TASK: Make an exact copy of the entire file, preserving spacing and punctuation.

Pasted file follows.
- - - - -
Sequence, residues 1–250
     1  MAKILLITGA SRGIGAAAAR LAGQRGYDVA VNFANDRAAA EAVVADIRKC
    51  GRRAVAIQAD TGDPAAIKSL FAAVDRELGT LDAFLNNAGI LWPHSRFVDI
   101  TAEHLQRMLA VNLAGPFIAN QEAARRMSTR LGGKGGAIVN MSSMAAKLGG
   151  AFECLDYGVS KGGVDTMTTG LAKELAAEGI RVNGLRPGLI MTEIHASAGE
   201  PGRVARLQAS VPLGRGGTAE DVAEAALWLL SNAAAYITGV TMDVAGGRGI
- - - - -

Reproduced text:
Sequence, residues 1–250
     1  MAKILLITGA SRGIGAAAAR LAGQRGYDVA VNFANDRAAA EAVVADIRKC
    51  GRRAVAIQAD TGDPAAIKSL FAAVDRELGT LDAFLNNAGI LWPHSRFVDI
   101  TAEHLQRMLA VNLAGPFIAN QEAARRMSTR LGGKGGAIVN MSSMAAKLGG
   151  AFECLDYGVS KGGVDTMTTG LAKELAAEGI RVNGLRPGLI MTEIHASAGE
   201  PGRVARLQAS VPLGRGGTAE DVAEAALWLL SNAAAYITGV TMDVAGGRGI